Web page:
George’s Pub Features Singing Bartender
George is 82, sings like Johnny Cash, and takes no guff. Nor do his customers, many retired cops who probably still carry guns.
On a recent afternoon things are as usual at George’s Pub in Walker’s Point. The sign in the window still promises “Free Beer Tomorrow!” as it has for countless yesteryears, while the regulars, resigned to paying for their beers today, drink away. Tomorrow never comes, but at a buck a can, a Busch beer is not much more expensive than a free one, so the customers drink up without thinning their wallets too perilously.
At the back of the tiny, single-room tavern, George Vomberg, 82, is fiddling with the karaoke equipment in front of a sign advertising his band, “The Nashville Rejects.” Karaoke is a Friday event here, but even if it’s not Friday, George can burst out into song on a whim. It’s his right — he owns the place. The musical whim is usually country-western flavored, and George has a voice that recalls that of his contemporary, the late Johnny Cash, dead now for over a decade, yet his songs live on.
A number of the regulars are wearing George’s Pub T-shirts, adorned with the tavern’s name, address (224 E. Washington St.), and an outline of a pistol. Don’t mess with George — or his customers. Behind the bar is a mirrored wall, which serves more to set off a collection of bottles than to provide a means for customers to admire their good looks. Those days are over anyway for most of the regulars. A sign warns that “ID Checked if Young Persons Enter,” which we’re guessing doesn’t happen often.
There is interesting stuff on every wall and on every imaginable surface in the tiny 783-square-foot room. There is Elvis in plaster, countless miniature trucks and action figures, a certificate attesting to George’s status as a Veteran of Foreign Wars (Korea) and and number of stickers that inform the visitor that We Support Our Troops! In the back, through an open door, you can catch a glimpse of a 631 square foot apartment just beyond the bathroom. It’s used for storage now, but it, and a since-razed building located behind the main structure, were used as residences for many years.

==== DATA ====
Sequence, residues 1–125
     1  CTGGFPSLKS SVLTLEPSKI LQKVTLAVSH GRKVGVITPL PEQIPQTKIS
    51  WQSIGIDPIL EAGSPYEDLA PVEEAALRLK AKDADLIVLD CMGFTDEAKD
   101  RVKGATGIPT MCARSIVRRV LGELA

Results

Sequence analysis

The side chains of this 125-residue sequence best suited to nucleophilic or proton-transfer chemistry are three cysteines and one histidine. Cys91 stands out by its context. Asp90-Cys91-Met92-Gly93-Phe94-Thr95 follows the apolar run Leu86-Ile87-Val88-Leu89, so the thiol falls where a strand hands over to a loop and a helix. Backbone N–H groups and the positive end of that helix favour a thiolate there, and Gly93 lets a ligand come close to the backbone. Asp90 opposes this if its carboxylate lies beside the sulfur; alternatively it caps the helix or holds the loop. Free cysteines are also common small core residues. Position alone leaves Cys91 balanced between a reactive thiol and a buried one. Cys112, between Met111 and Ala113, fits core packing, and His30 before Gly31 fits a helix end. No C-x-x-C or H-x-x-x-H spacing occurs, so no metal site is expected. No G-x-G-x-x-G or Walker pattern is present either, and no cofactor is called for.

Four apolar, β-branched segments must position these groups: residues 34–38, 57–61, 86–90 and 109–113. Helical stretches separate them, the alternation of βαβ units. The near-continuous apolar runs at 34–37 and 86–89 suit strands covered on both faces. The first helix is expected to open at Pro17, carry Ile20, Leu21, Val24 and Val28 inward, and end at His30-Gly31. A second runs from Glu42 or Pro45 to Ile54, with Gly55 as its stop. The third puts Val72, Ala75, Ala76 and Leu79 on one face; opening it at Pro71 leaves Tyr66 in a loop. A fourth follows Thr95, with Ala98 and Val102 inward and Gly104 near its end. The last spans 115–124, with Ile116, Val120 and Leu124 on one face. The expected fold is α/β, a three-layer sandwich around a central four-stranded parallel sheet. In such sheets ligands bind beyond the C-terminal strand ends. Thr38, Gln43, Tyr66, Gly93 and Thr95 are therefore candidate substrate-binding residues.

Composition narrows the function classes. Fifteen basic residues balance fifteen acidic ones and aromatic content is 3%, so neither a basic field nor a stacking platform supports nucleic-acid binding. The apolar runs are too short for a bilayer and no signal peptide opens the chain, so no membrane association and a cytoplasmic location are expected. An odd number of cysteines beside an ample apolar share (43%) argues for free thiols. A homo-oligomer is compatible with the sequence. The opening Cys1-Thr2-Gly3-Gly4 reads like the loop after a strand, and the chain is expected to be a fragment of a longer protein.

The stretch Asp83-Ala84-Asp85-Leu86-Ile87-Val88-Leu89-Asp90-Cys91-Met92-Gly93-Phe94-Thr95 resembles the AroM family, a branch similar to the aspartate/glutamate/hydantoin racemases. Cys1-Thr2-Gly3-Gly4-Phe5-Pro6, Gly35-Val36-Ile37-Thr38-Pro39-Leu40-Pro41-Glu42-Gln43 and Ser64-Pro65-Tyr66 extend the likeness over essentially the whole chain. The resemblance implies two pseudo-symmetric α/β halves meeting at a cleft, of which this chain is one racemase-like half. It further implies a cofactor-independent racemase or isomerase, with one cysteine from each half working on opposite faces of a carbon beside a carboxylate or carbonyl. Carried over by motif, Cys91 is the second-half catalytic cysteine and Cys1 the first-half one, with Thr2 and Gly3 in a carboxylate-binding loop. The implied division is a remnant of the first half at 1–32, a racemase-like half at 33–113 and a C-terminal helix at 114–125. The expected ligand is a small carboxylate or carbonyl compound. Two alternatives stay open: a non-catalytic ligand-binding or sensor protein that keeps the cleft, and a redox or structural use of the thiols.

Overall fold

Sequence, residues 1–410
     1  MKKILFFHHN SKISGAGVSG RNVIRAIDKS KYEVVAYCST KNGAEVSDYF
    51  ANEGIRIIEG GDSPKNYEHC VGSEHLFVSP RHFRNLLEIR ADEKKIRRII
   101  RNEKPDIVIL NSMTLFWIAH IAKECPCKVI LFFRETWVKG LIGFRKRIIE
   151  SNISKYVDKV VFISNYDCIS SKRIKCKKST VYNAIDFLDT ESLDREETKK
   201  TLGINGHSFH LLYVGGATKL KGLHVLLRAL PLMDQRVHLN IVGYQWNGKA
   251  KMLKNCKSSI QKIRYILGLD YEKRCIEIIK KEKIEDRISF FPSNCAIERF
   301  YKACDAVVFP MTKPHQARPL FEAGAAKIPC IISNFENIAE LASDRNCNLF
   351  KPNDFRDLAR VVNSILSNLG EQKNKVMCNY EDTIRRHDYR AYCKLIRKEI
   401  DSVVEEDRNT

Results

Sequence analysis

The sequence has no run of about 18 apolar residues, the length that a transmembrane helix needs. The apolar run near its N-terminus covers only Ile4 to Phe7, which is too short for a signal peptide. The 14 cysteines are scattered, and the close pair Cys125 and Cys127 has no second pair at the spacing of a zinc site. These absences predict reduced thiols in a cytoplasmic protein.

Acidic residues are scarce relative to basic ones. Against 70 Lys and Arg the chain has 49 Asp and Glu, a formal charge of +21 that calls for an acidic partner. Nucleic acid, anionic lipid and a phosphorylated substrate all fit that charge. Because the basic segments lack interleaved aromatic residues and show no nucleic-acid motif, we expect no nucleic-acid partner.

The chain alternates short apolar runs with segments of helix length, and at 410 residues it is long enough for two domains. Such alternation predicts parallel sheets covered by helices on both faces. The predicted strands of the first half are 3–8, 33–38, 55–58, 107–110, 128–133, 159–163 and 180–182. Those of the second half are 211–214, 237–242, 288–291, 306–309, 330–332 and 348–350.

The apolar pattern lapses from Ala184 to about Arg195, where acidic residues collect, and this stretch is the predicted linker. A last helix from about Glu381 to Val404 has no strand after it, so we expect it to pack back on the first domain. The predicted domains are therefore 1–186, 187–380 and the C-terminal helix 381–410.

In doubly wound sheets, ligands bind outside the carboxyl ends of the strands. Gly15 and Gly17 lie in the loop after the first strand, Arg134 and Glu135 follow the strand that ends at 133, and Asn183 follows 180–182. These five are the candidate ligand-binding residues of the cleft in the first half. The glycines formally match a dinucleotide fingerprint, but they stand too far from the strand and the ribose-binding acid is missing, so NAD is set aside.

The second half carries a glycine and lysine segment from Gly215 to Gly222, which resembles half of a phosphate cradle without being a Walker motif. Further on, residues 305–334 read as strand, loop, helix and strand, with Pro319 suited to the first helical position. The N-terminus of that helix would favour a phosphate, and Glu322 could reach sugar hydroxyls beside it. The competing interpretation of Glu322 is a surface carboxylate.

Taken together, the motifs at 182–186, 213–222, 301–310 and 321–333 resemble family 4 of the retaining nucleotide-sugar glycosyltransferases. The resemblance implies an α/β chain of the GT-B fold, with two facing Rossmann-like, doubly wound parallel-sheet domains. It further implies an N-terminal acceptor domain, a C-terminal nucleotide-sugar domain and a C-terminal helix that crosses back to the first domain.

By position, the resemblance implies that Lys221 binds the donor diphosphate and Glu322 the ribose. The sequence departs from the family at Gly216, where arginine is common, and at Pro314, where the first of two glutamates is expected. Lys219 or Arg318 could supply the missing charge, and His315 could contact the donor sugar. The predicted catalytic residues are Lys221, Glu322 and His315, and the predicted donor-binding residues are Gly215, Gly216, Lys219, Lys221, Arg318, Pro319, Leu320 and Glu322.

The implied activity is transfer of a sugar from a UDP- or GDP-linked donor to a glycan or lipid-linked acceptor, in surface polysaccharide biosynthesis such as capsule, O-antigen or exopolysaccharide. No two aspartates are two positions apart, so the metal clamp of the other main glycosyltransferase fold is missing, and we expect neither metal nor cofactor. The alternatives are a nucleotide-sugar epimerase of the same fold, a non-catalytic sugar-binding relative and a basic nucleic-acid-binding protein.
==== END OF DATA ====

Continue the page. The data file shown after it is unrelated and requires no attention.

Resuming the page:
Immediately to the east, elevated railroad tracks carry freight and passenger trains to and from the heart of the city, while to the west a cinder block warehouse building is just about a foot away from this blue, 1,414 square foot, 115-year old frame tavern with the American flag aflutter, and the “Budweiser / George’s Pub / OPEN” sign above.
Things settle into the routine, with the old guys talking and a visitor taking in the quiet scene. A tavern phone rings, and things begin to stir here. Within minutes, all is activity, like a factory at the end of a shift, when they used to have factories here, and the workers would perk up and head off to this bar for a drink.
The music gets cued up, a reception committee is formed, George unspools a coil of yellow tickets and heads to the concrete stoop in front, the expectant host. Soon a rumbling comes from the east, accompanied by whoops and hollers. No, this is not the oncoming arrival of a particularly rowdy Amtrak party car, but of a rather improbable vehicle — a bicycle-operated tavern that has traveled the pancake-flat streets of Walkers Point to make a stop at the bar. George’s is a destination for the traveling tavern, and is good for the service’s business.